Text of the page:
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Social Worker Career Profile

Written by: Fiona Narburgh
Published on: 5 Nov 2020

Liz Fuller - thumbnailMeet Liz, an everyday hero working as a Frontline Consultant Social Worker at Staffordshire County Council.

Below Liz has shared her story to show what a career in children's social care is like.

What's your role in a nutshell?
I’m a social worker and part of the ‘safeguarding’ team that helps keep children safe from harm, abuse and neglect. The parents themselves, the child’s school, doctor or neighbour can contact us and raise concerns about a child. We work with the child and their family and together plan what support and care is needed. This might be to help the child stay at home, and if this really isn’t possible, look at options within their wider family, or other care options such as a foster home or a children’s home.

It’s hugely rewarding - I can really help make day to day life better for a child. It can be challenging too as we are working with vulnerable children and young people.  

Was this a planned career or one you fell into?
Planned most definitely. I’ve always been interested in understanding people and did my degree in Sociology to find out more. I then decided to do a post graduate course in Social Work. While studying I worked part time at a charity that supported foster carers that really fuelled my interest. Next I got a full time job at a council and learnt loads from the experienced staff around me. I also got to work directly with children and I took the time to really understand them and find out their needs.

Are you a doer, manager or leader?
All three! I work very directly with children and their families. I also manage a ‘learning unit’: a team of fast track students in the safeguarding team who get an intensive education with us - they learn by shadowing all aspects of our service, working with children and parents. I’m a leader too, leading the team of those involved working around the child.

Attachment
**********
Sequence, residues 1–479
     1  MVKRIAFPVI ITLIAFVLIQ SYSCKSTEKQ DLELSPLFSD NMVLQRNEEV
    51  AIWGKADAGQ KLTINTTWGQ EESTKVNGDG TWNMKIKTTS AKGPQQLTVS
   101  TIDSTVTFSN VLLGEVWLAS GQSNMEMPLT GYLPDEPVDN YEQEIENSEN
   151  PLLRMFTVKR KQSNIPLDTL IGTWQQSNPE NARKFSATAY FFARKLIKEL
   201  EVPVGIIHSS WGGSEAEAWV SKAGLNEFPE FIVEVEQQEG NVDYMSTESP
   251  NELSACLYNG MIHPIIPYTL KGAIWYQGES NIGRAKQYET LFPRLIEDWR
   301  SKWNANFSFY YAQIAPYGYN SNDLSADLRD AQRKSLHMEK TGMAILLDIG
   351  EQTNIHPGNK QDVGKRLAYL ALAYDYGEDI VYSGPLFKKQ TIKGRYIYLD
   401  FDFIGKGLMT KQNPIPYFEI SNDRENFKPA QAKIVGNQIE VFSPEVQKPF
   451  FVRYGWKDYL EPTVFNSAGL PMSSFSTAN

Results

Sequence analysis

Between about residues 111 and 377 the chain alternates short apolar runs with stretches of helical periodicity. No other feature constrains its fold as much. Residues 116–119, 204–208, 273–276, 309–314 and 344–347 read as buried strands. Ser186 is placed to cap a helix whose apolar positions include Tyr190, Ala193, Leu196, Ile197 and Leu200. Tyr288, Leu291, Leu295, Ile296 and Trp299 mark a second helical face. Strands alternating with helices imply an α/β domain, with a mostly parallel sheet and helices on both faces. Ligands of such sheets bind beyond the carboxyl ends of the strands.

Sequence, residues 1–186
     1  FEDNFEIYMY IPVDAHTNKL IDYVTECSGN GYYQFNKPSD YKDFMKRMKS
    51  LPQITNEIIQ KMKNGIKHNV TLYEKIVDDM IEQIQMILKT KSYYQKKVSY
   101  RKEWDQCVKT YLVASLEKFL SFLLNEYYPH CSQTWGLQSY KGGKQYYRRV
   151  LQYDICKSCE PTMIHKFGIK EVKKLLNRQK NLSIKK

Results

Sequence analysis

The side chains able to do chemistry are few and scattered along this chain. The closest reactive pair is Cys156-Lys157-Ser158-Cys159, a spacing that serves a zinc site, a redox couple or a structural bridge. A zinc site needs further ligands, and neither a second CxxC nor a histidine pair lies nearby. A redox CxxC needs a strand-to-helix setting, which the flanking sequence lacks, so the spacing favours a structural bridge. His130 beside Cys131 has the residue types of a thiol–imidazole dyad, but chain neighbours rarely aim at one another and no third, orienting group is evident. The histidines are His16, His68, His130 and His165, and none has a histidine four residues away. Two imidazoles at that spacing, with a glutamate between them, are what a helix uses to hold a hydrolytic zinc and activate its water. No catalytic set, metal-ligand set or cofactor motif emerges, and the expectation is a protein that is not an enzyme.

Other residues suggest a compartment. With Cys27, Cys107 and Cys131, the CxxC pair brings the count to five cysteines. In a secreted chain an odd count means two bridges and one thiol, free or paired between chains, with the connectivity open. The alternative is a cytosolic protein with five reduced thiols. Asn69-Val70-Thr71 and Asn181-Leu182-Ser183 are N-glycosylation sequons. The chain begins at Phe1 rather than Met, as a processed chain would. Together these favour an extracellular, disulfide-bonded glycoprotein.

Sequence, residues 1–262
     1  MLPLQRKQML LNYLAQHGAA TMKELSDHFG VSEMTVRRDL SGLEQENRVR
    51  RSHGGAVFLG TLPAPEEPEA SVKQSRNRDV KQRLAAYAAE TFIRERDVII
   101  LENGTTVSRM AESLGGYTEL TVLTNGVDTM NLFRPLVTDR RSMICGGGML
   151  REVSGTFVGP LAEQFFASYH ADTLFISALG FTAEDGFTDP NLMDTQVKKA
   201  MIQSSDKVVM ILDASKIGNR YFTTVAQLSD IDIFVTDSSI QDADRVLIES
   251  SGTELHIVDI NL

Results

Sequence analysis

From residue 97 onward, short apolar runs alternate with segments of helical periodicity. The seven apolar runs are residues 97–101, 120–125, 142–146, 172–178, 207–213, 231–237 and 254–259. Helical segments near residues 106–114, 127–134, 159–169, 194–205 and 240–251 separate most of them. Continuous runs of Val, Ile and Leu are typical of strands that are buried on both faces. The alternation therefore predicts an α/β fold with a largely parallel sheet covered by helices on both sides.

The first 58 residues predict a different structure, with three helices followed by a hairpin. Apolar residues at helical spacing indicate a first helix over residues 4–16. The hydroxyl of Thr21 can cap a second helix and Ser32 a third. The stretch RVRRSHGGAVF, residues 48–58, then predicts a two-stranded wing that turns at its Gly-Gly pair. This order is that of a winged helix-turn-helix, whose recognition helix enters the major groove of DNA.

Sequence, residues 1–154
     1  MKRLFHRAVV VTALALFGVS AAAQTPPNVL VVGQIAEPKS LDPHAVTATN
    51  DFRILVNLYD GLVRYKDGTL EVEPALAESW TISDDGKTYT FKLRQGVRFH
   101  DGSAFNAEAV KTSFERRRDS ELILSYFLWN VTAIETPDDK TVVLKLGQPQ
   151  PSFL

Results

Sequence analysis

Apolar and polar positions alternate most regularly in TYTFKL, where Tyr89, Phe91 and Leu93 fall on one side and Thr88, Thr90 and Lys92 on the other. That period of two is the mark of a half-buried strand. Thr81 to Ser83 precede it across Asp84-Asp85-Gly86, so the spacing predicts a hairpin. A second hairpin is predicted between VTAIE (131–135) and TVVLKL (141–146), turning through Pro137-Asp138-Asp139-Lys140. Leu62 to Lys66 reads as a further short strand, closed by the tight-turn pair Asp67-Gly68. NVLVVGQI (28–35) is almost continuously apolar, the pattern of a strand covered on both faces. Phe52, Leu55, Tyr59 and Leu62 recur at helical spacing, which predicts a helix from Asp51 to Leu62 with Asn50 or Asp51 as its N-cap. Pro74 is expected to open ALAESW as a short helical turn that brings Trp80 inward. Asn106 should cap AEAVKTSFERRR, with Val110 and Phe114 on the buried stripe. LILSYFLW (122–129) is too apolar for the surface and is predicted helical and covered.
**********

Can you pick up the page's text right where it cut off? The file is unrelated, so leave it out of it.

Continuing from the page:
What do you love best & love least about your job?
I always wake up wanting to go to work. Really. No day is the same. I like that I don’t know what to expect.
I really enjoy building lasting relationships. I’ve worked with one girl since she was six who was in a long term fostering placement, and managing to stay, at times, with her mum, then back to placements.  She’s now 20, with her own child, in her own place and doing well. I know I’ve made a difference to her life, because I’ve been consistent with her and consistently there over all these years. It’s a privilege to have been able to have helped her on her, at times, difficult journey.

What I love least isn’t the paperwork as people might think – I actually think that it’s really important that we do write down and record what we do; we are involved in people’s lives, we need to be accountable for our decisions and actions.

No, the hardest part of the job is when someone comes into the service too late or the ones we can’t seem to ‘hold’ and help; the vulnerable young person with the horrendous background that ends up in a detention centre or serving a custodial sentence for example. The damage to a young person may last a lifetime. That’s the frustration of not enough resources to help everyone who needs it.